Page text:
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Advance Care Planning

Understanding Advance Care Planning


Having a Plan

When you are young and healthy about all you can do is speak in general terms about your priorities.

When a person develops a chronic condition or illness, they have a clearer idea of what may happen and can be more specific about what they want. When a person has a life-limiting condition, it becomes more important to be detailed about their wishes.

Using Advance Directives

Advance directives allow you to make decisions about your care if you become unable to speak for yourself. It is a process, not an event, and is planning for future care based on beliefs, values, preferences and specific medical issues. An advanced directive is the record of that process.

A living will and health care power of attorney are the two most common forms of advance directives, but other examples are DNR (Do Not Resuscitate), POLST (Portable Medical Orders),healthcare proxy, and DNI (Do Not Intubate order).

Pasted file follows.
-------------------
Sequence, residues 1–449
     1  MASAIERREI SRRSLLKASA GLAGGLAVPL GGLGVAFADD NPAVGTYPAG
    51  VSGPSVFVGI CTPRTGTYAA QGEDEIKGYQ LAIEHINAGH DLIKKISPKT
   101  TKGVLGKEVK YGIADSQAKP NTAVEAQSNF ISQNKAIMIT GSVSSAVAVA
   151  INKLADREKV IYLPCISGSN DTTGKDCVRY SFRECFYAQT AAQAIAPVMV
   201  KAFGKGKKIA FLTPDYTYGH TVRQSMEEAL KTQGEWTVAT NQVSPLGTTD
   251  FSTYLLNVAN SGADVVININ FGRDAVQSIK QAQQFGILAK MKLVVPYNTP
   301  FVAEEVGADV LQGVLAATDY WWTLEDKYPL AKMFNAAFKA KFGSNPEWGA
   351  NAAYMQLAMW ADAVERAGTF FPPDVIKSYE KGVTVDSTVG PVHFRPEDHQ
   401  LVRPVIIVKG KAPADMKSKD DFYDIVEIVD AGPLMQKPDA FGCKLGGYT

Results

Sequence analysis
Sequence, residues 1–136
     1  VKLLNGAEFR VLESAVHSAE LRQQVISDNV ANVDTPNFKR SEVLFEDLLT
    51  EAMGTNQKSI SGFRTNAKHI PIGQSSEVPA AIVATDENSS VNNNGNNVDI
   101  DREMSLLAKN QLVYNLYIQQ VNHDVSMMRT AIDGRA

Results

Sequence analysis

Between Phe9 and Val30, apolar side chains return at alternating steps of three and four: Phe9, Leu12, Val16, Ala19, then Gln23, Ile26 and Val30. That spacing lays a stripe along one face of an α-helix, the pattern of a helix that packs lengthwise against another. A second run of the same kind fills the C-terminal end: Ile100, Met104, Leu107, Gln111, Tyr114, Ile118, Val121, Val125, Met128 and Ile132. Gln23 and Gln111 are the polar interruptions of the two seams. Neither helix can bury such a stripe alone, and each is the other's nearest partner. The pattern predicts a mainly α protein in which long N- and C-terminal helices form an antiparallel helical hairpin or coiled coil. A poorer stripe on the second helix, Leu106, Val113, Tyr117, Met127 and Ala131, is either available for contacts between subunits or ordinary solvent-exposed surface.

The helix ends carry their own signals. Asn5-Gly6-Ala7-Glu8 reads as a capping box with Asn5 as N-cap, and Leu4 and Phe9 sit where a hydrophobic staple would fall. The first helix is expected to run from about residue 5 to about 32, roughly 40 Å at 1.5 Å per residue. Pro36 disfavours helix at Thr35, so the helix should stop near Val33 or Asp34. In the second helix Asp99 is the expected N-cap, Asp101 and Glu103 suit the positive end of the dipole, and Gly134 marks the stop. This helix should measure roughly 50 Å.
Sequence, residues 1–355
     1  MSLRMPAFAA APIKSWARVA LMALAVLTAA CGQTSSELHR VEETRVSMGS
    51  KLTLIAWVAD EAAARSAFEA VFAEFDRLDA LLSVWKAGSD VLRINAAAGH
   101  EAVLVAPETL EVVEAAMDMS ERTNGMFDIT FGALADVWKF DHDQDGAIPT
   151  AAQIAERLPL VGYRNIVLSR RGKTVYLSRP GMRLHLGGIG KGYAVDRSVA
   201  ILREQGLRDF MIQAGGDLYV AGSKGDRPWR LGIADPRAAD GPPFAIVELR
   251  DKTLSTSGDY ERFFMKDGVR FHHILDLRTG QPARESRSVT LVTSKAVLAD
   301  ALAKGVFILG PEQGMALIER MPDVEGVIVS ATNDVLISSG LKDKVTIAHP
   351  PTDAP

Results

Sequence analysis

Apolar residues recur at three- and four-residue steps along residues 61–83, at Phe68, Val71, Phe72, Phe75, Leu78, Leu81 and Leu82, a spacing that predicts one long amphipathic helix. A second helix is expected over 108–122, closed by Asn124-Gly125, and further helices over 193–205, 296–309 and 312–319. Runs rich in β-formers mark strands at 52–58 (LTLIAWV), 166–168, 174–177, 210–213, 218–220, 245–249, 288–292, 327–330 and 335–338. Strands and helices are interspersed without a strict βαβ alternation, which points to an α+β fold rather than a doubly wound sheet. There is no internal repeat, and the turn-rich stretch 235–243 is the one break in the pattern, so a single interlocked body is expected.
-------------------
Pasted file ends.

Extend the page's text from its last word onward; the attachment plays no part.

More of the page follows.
These documents allow you to state your choices for health care. You can say “yes” to the treatment you want and “no” to the treatment you do not want.

Q: What is a Living Will?

A: A living will describes your wishes for medical care.

Q: What is a Health Care Power of Attorney?

A: A health care power of attorney names a person who can make medical decisions for you, if you are unable.


How to prepare your Advance Directive

You do not need a lawyer to fill out a living will or health care power of attorney. State hospice organizations, local hospitals, and public health departments provide state-specific forms and instructions. It is important that you use the advance directive for your state. Read the forms carefully and follow all legal requirements. You may need to get the forms notarized and have them signed by a witness.

Keep your advance directives in a place that is easy to find. Give copies to your representative and your secondary agent, if necessary. Discuss your advance directive with your physician and provide a copy for your medical record. An advance directive is in effect unless you cancel it or decide to complete a new one with changes.

For more information on the state-specific forms and documents, check out CaringInfo or Aging With Dignity’s websites.